World champion Max Verstappen clinched an emotional constructors’ world championship for Red Bull on Sunday when he claimed a record-equalling 13th win this year at the United States Grand Prix.
Twenty-four hours after learning of the death of Red Bull founder and co-owner Dieter Mateschitz, the 25-year-old Dutchman claimed the 33rd victory of his career after a thrilling late battle with seven-time champion Lewis Hamilton of Mercedes.
In front of a passionate crowd at the Circuit of the Americas, Verstappen came home 5.023 seconds clear of Hamilton with Charles Leclerc finishing third for Ferrari ahead of Sergio Perez in the second Red Bull.
“Of course, it’s a very difficult weekend for us and this one is definitely dedicated to Dietrich himself for what he has done for everyone,” said Verstappen.
“We had a big chance to win the ‘constructors’ here and of course, you want to do that in style and I think we did that today.
“It definitely means a lot to me, to the team, because he (Dietrich) was so instrumental to the whole team,” he added.
George Russell finished fifth in the second Mercedes ahead of Lando Norris of McLaren, two-time champion Fernando Alonso of Alpine, four-time champion Sebastian Vettel of Aston Martin, Kevin Magnussen of Haas, and Alpha Tauri’s Yuki Tsunoda.
“I gave it everything,” said Hamilton, who remains without a win this year for the first time in his career.
“I did everything I could to stay ahead, but they were just a little quicker… Great strategy, great race by Red Bull—and my condolences to the team,” he added.
“I’m shattered. The car was a handful today. It felt amazing to be in the lead. That’s something we have worked so hard on as a team through the year.
“I had so much hope. We will keep pushing, we’ll try to give it everything we can in the next three. It will come to us at some stage.”
The race began in perfect conditions but with a sombre atmosphere pervading the paddock and pit lane following the death on Saturday of Red Bull founder Mateschitz.
As a result, any announcement on Red Bull’s fate for their budget cap breach last year were put “on hold until further notice” with talks expected to pick up again next week.
A minute’s applause in tribute to Mateschitz preceded the pre-race anthem before the lights went out and Verstappen quickly seized the initiative as Carlos Sainz struggled to depart from pole.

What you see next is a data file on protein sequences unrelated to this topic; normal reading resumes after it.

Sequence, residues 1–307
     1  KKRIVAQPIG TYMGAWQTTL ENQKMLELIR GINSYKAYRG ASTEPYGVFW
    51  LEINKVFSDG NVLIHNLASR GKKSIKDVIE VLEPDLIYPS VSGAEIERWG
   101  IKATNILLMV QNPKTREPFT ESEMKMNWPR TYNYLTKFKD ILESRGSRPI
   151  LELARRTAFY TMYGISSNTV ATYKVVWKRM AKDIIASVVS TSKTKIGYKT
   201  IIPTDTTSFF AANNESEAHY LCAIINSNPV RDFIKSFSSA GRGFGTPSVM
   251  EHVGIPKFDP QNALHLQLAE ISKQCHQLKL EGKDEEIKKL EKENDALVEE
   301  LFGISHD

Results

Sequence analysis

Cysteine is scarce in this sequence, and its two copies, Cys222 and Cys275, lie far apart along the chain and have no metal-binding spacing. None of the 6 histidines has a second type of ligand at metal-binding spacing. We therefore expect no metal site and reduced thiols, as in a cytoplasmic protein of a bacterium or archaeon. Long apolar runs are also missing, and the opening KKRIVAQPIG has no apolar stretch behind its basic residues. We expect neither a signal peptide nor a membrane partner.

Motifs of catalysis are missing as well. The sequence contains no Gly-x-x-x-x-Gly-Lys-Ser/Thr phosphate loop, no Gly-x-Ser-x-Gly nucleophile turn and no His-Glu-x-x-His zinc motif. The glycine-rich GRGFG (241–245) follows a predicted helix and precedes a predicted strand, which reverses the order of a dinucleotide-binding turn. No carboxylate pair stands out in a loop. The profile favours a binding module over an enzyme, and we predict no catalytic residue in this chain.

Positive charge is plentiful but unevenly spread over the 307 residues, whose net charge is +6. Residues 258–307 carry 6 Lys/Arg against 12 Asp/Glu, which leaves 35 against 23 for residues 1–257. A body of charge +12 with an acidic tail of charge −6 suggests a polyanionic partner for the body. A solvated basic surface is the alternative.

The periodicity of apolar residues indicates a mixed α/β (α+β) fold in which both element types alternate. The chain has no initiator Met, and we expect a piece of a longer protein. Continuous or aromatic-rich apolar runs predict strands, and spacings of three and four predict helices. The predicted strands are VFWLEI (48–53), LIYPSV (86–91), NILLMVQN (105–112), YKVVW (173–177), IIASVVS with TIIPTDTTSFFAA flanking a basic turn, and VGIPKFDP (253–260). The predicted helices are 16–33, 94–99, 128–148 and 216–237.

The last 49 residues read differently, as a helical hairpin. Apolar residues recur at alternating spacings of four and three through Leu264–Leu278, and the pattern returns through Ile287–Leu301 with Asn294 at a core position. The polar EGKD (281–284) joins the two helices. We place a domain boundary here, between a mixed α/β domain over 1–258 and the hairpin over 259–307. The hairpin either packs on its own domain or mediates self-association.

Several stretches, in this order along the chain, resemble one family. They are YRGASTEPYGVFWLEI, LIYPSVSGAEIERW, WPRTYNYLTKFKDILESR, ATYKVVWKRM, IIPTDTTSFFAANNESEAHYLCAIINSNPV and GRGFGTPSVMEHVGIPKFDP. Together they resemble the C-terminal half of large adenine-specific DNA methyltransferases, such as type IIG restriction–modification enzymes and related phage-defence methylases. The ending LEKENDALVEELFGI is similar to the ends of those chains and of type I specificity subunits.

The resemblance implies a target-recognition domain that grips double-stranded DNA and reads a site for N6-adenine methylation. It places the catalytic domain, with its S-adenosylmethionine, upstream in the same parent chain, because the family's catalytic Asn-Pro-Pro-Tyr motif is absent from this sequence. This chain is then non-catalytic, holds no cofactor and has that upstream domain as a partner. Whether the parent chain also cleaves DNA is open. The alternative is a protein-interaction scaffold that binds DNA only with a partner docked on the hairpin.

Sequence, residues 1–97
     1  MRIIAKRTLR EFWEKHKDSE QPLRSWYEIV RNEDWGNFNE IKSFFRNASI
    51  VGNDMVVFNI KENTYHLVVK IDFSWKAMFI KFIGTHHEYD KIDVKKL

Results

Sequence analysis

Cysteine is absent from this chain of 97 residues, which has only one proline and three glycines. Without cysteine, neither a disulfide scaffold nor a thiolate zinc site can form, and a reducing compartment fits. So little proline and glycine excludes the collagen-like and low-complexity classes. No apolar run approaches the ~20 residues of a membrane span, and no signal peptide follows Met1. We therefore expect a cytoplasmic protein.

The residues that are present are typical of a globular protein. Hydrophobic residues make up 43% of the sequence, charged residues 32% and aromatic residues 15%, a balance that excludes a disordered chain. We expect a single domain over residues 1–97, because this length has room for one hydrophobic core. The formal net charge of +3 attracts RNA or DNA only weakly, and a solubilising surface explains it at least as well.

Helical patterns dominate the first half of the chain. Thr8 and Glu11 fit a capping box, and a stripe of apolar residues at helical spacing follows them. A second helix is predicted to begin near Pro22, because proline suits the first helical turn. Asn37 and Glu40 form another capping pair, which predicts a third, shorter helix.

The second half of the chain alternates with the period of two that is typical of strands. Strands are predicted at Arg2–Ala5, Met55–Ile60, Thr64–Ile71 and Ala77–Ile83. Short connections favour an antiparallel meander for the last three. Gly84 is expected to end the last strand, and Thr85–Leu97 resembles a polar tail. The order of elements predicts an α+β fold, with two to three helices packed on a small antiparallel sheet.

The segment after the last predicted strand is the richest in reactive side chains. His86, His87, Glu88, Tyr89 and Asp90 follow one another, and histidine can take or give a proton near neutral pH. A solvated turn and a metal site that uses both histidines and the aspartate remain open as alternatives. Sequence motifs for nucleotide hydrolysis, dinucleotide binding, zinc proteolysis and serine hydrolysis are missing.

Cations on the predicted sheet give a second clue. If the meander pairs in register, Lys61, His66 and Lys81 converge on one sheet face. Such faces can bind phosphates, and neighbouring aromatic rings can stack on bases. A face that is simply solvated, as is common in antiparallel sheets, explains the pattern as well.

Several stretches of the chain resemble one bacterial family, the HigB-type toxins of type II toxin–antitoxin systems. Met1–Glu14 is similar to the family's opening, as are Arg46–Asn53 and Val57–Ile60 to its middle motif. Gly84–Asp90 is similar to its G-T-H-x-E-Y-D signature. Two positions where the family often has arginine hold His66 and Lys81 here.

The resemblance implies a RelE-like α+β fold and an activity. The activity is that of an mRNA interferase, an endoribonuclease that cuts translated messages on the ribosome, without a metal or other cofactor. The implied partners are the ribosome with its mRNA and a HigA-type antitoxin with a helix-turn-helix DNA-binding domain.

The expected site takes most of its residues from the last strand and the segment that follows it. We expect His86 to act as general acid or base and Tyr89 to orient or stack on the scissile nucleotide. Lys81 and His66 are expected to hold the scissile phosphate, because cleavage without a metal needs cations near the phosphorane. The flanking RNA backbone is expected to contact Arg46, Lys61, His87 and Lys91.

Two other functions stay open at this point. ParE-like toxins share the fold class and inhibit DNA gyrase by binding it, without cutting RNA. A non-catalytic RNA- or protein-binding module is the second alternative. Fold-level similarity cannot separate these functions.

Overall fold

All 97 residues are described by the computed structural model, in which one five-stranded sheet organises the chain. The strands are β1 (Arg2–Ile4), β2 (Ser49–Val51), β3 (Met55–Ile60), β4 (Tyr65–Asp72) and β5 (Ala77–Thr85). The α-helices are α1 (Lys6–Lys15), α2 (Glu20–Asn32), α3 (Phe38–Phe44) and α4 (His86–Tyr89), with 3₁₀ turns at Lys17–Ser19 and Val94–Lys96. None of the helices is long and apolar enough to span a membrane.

The luckless Spaniard was involved in a first-corner collision as a surging Russell clipped him gently, causing him to fall to the back of the field and into retirement with a water leak.
Verstappen led with some aplomb, 2.8 seconds clear of Hamilton, relishing a chance to shine in front of the huge crowd at a circuit where he has won five times in nine visits.
The Briton switched to a set of new hard tyres followed by the rest. By lap 15, it was Verstappen back in front.
Three laps later, Valtteri Bottas lost control of the rear of his Alfa Romeo at Turn 19, causing a Safety Car intervention before racing re-started on lap 22.
A big crash involving Stroll and Alonso caused another safety car deployment.
By lap 30, the field had settled and Verstappen led Hamilton by 1.7 seconds.
Hamilton led late
Leclerc advanced to second when Hamilton pitted on lap 35 for fresh ‘hards’, re-joining sixth. Hamilton’s ‘under-cut’ forced Verstappen to respond one lap later, but he had a slow stop, taking more than 11 seconds to take a set of ‘medium’ tyres.
Russell and Leclerc also stopped again as a frustrated Verstappen re-joined fifth until passing Leclerc on lap 39.
All this left Vettel leading until Hamilton dived inside him at the start of lap 41 to take over with 15 laps remaining.
Hamilton fought to keep alive his dream of a first win this year. By lap 49, however, Hamilton’s lead was down to 0.7. A pass was inevitable and it came on lap 50.